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Central America/Mexico Migration News Brief for February 18, 2017

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This week’s MNB focuses on updates on the U.S. immigration and refugee executive orders and raids, as well as top articles and reports related to issues of migration from Central America and Mexico (articles in English and Spanish). Please feel free to send us recommendations or requests for upcoming news briefs: ebuckhout@lawg.org.

U.S. Immigration Developments

Interior Enforcement

•   AP Exclusive: DHS weighed Nat Guard for Immigration Roundups
Garance Burke, AP, February 17, 2017
“The Trump administration considered a proposal to mobilize as many as 100,000 National Guard troops to round up unauthorized immigrants, including millions living nowhere near the Mexico border, according to a draft memo obtained by The Associated Press.”

•   No Plan to Use National Guard for Immigration Enforcement: White House
Reuters, February 17, 2017
“The White House on Friday said there was no plan to utilize the National Guard to round up unauthorized immigrants, after a news report asserted that the proposal had been under consideration by the Trump administration.”

•   Federal Officials Arrested 680 Immigrants in 11 States this Week Alone
Esther Yu Hsi Lee, Think Progress, February 13, 2017
“But immigration activists say this week’s raids aren’t limited to safety threats — they have also targeted people who have changed their lives around and contributed to their communities, as well as people without proper documentation who have been swept up in “collateral” arrests but have not committed any other crimes. In one case, the ICE agency charged one immigrant as a “gang member” because of old speeding tickets and tattoos.”

•   Daniel Ramirez Medina: What We Know about the DREAMer Trump Is Trying to Deport
Dara Lind, Vox, February 16, 2017
“The Trump administration has stripped him of his work permit, and is trying to deport him.”

•   The Latest: Dreamer’s Lawyers Call Arrest ‘Bogus Operation’
Associated Press, Washington Post, February 16, 2017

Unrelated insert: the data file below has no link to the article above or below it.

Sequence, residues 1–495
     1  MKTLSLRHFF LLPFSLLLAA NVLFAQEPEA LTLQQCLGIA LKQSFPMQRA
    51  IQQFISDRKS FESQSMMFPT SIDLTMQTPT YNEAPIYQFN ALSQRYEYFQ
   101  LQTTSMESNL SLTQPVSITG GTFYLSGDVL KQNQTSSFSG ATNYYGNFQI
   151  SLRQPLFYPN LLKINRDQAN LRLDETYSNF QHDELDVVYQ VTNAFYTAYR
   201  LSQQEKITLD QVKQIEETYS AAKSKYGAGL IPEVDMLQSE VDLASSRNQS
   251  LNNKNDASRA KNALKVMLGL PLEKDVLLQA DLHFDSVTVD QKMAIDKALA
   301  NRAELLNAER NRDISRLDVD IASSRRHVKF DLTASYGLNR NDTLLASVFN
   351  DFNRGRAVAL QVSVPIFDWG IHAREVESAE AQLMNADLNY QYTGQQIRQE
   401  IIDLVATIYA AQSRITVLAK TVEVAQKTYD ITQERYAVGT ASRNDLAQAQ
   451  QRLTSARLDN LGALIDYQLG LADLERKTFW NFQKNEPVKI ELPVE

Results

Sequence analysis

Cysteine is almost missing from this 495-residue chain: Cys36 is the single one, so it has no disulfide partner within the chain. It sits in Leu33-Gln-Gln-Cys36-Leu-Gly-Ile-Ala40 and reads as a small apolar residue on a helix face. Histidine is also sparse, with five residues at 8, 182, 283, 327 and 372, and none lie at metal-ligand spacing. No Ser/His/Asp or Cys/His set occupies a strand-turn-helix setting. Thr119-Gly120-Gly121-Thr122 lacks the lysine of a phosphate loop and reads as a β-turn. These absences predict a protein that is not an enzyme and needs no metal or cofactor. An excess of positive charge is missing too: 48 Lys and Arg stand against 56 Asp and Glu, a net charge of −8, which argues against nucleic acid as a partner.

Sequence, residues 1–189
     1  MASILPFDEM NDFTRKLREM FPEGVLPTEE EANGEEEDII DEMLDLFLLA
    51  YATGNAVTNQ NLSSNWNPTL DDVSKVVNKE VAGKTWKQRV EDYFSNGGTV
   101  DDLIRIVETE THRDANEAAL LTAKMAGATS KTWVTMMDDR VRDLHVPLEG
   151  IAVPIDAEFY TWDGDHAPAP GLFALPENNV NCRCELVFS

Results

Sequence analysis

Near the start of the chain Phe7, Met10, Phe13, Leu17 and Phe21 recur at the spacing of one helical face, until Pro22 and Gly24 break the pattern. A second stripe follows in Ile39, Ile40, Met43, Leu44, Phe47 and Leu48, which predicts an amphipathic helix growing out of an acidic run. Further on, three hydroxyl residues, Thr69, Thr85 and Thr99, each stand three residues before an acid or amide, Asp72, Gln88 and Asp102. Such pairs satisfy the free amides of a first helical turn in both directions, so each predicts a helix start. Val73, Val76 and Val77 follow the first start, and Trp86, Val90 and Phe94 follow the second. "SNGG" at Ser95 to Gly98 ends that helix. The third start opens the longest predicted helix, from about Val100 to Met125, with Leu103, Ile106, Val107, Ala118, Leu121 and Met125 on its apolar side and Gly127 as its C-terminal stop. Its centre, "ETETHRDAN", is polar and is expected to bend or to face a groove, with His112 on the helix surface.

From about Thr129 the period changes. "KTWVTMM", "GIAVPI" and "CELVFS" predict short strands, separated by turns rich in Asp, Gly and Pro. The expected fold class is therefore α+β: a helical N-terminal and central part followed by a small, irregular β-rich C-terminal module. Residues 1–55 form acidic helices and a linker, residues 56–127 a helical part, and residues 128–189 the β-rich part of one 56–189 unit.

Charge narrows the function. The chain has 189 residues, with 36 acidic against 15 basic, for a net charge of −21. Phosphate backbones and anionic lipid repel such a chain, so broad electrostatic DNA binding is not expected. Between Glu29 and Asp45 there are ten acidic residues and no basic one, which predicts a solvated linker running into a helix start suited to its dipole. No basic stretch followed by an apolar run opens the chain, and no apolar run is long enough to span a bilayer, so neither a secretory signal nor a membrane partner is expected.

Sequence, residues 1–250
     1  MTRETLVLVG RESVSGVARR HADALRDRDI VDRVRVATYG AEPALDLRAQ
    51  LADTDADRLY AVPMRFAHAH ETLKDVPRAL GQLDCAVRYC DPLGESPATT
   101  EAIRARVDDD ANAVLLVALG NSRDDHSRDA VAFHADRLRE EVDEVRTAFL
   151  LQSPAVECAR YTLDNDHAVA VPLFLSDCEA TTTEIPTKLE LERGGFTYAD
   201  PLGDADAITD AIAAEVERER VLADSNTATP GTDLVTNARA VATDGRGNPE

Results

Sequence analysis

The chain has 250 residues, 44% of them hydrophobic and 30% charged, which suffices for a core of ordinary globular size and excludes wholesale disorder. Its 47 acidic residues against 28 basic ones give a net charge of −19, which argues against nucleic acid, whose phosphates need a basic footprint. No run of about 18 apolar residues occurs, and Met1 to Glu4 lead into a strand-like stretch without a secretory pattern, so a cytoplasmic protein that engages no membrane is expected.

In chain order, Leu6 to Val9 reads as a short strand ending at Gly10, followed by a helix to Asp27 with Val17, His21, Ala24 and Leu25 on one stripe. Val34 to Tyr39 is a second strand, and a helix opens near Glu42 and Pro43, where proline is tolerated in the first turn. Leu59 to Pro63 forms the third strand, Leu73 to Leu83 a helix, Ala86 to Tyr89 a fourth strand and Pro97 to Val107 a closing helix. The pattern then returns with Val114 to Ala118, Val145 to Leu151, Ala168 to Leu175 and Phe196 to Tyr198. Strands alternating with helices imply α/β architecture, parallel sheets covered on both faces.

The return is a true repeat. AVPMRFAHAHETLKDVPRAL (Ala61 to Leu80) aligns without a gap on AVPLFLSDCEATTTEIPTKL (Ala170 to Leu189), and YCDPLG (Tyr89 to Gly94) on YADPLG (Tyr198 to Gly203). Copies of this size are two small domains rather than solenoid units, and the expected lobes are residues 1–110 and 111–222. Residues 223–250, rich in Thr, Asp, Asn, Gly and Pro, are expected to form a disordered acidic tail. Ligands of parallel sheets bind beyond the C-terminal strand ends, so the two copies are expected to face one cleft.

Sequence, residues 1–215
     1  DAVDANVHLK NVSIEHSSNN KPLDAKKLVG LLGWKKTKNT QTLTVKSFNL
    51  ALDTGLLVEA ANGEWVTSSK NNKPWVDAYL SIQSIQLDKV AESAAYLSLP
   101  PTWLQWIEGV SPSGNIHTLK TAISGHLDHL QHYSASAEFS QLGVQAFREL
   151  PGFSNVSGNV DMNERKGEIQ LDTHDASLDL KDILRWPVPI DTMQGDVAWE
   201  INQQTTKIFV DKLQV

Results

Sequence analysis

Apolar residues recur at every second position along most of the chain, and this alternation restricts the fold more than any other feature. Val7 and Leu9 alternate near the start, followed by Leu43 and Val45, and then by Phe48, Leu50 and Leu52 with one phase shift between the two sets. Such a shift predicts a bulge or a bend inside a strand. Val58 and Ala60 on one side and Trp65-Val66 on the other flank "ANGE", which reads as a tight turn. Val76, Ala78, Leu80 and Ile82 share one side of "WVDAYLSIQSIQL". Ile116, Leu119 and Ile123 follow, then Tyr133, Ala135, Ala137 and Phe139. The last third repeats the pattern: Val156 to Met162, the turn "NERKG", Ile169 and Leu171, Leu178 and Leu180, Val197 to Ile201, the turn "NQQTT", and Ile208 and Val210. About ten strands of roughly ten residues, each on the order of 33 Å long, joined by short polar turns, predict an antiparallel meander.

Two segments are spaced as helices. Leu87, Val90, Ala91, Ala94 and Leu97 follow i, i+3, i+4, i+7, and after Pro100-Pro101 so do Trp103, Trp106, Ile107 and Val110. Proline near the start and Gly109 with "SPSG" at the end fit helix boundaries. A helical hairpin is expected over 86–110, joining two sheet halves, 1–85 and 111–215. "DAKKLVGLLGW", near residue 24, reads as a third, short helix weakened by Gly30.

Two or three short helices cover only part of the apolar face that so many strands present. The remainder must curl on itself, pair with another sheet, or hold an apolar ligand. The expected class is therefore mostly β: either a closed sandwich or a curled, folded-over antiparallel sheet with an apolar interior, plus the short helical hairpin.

“Ramirez’s attorney Mark Rosenbaum told reporters on a conference call Thursday he believes the government is trying to cover up mistakes made by immigration agents.”

•   ICE Agents Arrest Men Leaving Alexandria Church Shelter
Julie Carey, NBC Washington, February 15, 2017
“Oscar Ramirez said he had just left the hypothermia shelter at Rising Hope Mission Church on Russell Road in the Alexandria section of Fairfax County, Virginia, when about a dozen ICE agents surround him and other Latino men.”

•   Texas County Officials Decry Immigration Arrest at Domestic Violence Court
Reuters, The New York Times, February 16, 2017
“Federal agents crossed a line by going into an El Paso family court to take a transgender woman who was the victim of domestic violence into custody for suspected immigration law violations, county officials said on Thursday.”

•   Trump: dreamers es mi decisión más difícil
Luis Alonso Lugo, Associated Press, 16 de febrero de 2017
“El mandatario señaló que la situación de los jóvenes amparados por un alivio migratorio —conocido por sus siglas en inglés DACA— es ‘uno de los temas más difíciles que tengo’ porque ‘me parece muy duro hacer lo que ley ordena exactamente qué hacer. La ley es estricta’”.

•   The White House Has Found Ways to End Protection for ‘Dreamers’ While Shielding Trump From Blowback
Brian Bennett and Michael A. Memoli, Los Angeles Times, February 16, 2017
“Their hunt suggests that the White House is hesitant to publicly target a well-organized group of immigrants who have prominent public backing, including from President Obama, and to whom Trump has shown sympathy.”

•   U.S. Top Court to Set Guidelines for Trump Treatment of Non-Citizens
Reuters, The New York Times. February 17, 2017
“The U.S. Supreme Court will decide three cases in coming months that could help or hinder President Donald Trump’s efforts to ramp up border security and accelerate deportations of those in the country illegally.”

•   La Fuerza de Deportación de Trump persigue a los más vulnerables
America’s Voice, LatinoCalifornia, 16 de febrero 2017
“Como ya lo subrayamos, no cabe la menor duda: la Fuerza de Deportación de Trump va tras los 11 millones de inmigrantes indocumentados, incluyendo a los beneficiarios de DACA, sobrevivientes de violencia doméstica y quienes buscan refugio en una iglesia.”

•   Report Accuses ICE of Delaying and Denying Medical Care to Detained Immigrants